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Organizing Your Social Sciences Research Paper: Dealing with Nervousness

Dealing with Nervousness

Being nervous before and during a presentation is natural and should be considered a good thing--a little adrenalin often helps you perform better because it sharpens your senses and self-awareness. However, if it is not held in check, nervousness can also undermine your confidence and be a distraction to you and your audience. As a consequence, the audience focuses on you being nervous rather than the content of your presentation.

Keep the following strategies in mind to help control your nervousness:

  1. Be well-prepared. Practice giving your talk more than once. Practice in front of a mirror so you are aware of any unintentional body language [e.g., swaying back and forth; not looking up to engage your audience, etc.] and practice in front of someone whom you trust will provide an honest assessment of your delivery.
  2. Be organized. If you are well organized, your task will be easier. If your overhead slides are out of order, or your notes are disorganized, you are more likely to get flustered and lose focus, and so will your audience.
  3. Remember: The way you perform is the way your audience will feel! Giving an oral presentation is a performance--view yourself as an actor. If you act the part of someone enjoying themselves and feeling confident, you will not only communicate these positive feelings to the audience, you will also feel much better as you proceed with your presentation.
  4. Practice, practice, practice. Even the most accomplished public speakers can feel nervous before and during a talk. The skill comes in not expressing your nervousness and in not letting it take over from the presentation. Over time and with repeated practice, you will feel less nervous and be able to control your nervousness more effectively.

Here are some things to consider doing to help ensure that nervousness does not become a problem during your presentation:

  1. Smile! Your audience will react warmly to you if you smile and look relaxed.
  2. Treat your audience like friends. Think of your presentation as a welcomed opportunity to share the research topic with the audience.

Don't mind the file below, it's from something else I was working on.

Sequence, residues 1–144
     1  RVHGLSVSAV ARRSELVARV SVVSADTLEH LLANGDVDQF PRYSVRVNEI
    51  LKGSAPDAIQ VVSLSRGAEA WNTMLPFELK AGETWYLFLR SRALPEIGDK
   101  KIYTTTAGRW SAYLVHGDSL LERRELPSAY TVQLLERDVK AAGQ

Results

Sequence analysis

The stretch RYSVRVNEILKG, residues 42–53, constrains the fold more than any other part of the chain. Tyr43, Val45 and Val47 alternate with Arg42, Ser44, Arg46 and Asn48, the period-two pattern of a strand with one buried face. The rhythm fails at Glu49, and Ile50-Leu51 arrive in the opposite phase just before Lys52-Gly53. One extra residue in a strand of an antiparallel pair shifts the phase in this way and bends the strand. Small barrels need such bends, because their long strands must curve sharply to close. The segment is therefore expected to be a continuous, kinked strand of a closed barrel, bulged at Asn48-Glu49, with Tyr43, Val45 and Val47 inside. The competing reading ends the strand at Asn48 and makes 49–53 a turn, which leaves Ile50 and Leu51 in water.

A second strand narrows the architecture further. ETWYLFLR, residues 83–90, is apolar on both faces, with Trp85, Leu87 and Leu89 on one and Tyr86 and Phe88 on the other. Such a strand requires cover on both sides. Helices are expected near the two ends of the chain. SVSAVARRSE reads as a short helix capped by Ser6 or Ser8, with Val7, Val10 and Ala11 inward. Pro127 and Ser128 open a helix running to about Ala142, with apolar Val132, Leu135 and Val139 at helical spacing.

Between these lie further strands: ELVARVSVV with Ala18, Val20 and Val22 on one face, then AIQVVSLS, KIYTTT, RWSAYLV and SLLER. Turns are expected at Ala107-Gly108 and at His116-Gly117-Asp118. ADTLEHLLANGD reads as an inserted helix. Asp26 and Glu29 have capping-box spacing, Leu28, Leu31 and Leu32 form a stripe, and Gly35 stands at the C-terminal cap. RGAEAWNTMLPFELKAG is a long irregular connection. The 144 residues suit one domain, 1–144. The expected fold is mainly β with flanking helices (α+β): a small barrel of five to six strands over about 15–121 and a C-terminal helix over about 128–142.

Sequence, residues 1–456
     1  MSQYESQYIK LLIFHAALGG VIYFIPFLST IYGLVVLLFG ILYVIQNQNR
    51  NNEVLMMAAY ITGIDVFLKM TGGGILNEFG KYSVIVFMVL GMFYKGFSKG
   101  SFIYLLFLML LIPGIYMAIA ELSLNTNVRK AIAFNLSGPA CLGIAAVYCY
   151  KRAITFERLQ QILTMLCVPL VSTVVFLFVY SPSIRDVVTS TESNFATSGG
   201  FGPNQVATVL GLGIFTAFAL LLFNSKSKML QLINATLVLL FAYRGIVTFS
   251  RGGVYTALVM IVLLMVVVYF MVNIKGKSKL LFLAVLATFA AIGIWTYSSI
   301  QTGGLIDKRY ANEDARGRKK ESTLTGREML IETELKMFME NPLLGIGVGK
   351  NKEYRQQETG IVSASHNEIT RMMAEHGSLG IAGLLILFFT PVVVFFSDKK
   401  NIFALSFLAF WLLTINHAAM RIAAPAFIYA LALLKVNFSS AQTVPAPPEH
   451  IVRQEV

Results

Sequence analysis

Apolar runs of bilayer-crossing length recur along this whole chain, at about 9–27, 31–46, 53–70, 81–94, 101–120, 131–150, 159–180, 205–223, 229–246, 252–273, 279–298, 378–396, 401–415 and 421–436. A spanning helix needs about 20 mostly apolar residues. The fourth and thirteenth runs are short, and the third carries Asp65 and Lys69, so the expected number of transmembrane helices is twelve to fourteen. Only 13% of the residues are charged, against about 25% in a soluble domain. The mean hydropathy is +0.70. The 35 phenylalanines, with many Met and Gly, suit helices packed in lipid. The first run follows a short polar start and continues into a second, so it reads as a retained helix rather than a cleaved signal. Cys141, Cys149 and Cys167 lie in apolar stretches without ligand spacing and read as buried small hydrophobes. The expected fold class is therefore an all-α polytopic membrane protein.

3. Breathe deeply. It will help calm you down and help to control the slight shaking that you might get in your hands and voice.
  4. Bring a water bottle. Constantly sipping water or taking a drink mid-sentence can be a distraction to your audience. However, if you feel yourself getting a dry mouth while speaking and you begin to show it, you'll be glad you have some water on hand. Taking a sip of water also gives you a chance to gather your thoughts and the audience a moment to contemplate what you've stated so far.
  5. Slow down! When people are nervous, they tend to get confused easily. So your mind may start to race, and you may feel panicky. Make use of pauses; force yourself to stop at the end of a sentence, take a breath, and think before you continue.

NOTE:  A possible trigger of nervousness can be an odd or unanticipated question from the audience, particularly if it's asked during your presentation. The question could be unrelated to your talk or it may be an issue that you had never considered. Don't panic in this situation. Answer the question to the best of your ability. If you are unable to provide a suitable answer or it's tangential to the topic, note the importance of the question and invite the audience member to discuss the topic in more detail after you have completed your presentation.

Bailey, Jessica. Extemporaneous Speaking: Engaging with Current Events. Ripon, WI: National Forensic League, 2013; Bodie, Graham D. “A Racing Heart, Rattling Knees, and Ruminative Thoughts: Defining, Explaining, and Treating Public Speaking Anxiety.” Communication Education 59 (2010): 70-105; Dwyer, Karen Kangas and Marlina M. Davidson. “Is Public Speaking Really More Feared Than Death?” Communication Research Reports 29 (2012): 99-107; Giving an Oral Presentation. Academic Skills Centre. University of Canberra; Peoples, Deborah Carter. Guidelines for Oral Presentations. Ohio Wesleyan University Libraries; Nasha, Gregory, Gail Crimminsa, and Florin Oprescua. “If First-Year Students are Afraid of Public Speaking Assessments What can Teachers do to Alleviate such Anxiety?” Assessment and Evaluation in Higher Education 41 (2016): 586-600; Perret, Nellie. Oral Presentations. The Lab Report. University College Writing Centre. University of Toronto; Shafer, Sherri. “Building Public Speaking Skills across the Curriculum.” The International Journal of Learning 17 (2010): 279-284.

Speaking Tip

Never Apologize for Being Nervous!

It's natural to be nervous when giving a presentation and members of your audience understand this. Just because you're nervous on the inside, though, doesn't necessarily mean you're showing it on the outside. Most of the time your nervousness is not as pronounced as you think it is, so if you don't say anything, nobody will notice. However, if you apologize, you'll only succeed in calling continuous attention to the fact that you're nervous, and worse yet, apologizing won't help eliminate being nervous. In fact, it may make it worse because-- congratulations!-- now everybody knows you're really nervous! The bottom line is that you should never apologize for being nervous because had you remained silent, your listeners may have never thought that you ever were.

Guidelines for Oral Presentations. Ohio Wesleyan University Libraries.